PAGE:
12. Assume that the supporting cables remain taut such that the vertical velocity and the rotation about an axis normal to the plate is zero. Since the x, y, and z axes are principal axes of inertia, Sample Problem 18.1 SOLUTION: • Apply the principle of impulse and momentum. Since the initial momenta is zero, the system of impulses must be equivalent to the final system of momenta.

  13. Principle of impulse and momentum yields two equations for linear momentum and two equations for angular momentum. Solve for the two horizontal components of the linear and angular velocity vectors. Sample Problem 18.1

  14. Sample Problem 18.1

  15. Sample Problem 18.2 SOLUTION: • The disk rotates about the vertical axis through O as well as about OG. Combine the rotation components for the angular velocity of the disk. Compute the angular momentum of the disk using principle axes of inertia and noting that O is a fixed point. A homogeneous disk of mass m is mounted on an axle OG of negligible mass. The disk rotates counter-clockwise at the rate w1 about OG. Determine: a) the angular velocity of the disk, b) its angular momentum about O, c) its kinetic energy, and d) the vector and couple at G equivalent to the momenta of the particles of the disk. The kinetic energy is computed from the angular velocity and moments of inertia. The vector and couple at G are also computed from the angular velocity and moments of inertia.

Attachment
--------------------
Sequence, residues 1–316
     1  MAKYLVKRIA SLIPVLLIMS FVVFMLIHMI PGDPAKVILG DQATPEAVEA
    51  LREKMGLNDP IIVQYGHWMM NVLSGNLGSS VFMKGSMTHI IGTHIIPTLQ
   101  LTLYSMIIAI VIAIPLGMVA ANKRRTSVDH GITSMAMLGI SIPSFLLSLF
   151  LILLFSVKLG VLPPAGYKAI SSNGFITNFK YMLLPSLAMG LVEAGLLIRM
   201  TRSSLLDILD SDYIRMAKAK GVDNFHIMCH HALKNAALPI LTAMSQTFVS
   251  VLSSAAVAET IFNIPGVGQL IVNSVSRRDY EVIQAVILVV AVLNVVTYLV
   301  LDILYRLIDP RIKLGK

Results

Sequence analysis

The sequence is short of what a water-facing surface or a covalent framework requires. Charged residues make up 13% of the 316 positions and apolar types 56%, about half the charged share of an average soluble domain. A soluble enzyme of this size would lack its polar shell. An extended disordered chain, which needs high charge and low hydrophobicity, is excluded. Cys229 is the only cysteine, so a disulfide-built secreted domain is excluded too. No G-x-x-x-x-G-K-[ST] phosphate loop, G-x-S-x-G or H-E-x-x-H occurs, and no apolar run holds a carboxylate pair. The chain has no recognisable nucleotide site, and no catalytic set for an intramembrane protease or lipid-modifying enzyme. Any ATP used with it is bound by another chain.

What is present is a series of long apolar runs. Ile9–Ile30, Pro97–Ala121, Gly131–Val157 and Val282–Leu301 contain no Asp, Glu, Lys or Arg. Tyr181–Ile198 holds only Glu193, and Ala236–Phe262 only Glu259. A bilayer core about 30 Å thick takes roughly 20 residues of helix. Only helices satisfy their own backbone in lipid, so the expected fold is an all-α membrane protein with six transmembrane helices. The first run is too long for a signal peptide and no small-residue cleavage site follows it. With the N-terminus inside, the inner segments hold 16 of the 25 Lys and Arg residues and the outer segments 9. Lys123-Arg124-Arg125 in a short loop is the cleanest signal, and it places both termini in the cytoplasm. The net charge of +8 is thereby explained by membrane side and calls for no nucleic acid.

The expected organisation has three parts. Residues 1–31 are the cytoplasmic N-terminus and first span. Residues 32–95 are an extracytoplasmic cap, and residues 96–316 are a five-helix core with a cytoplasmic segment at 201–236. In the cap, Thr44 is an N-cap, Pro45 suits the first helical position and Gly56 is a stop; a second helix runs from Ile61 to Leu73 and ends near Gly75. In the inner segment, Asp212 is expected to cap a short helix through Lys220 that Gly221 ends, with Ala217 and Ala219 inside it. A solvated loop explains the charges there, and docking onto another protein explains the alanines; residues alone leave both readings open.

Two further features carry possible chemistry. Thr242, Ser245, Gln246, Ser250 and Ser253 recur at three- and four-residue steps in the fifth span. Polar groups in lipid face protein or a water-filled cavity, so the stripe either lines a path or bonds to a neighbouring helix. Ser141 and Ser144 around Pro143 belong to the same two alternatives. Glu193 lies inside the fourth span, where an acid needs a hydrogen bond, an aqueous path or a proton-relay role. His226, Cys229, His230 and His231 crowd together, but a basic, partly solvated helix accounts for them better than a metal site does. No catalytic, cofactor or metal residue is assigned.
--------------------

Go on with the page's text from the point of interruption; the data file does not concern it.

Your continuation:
16. SOLUTION: • The disk rotates about the vertical axis through O as well as about OG. Combine the rotation components for the angular velocity of the disk. Noting that the velocity at C is zero, Sample Problem 18.2

  17. Compute the angular momentum of the disk using principle axes of inertia and noting that O is a fixed point. The kinetic energy is computed from the angular velocity and moments of inertia. Sample Problem 18.2

  18. The vector and couple at G are also computed from the angular velocity and moments of inertia. Sample Problem 18.2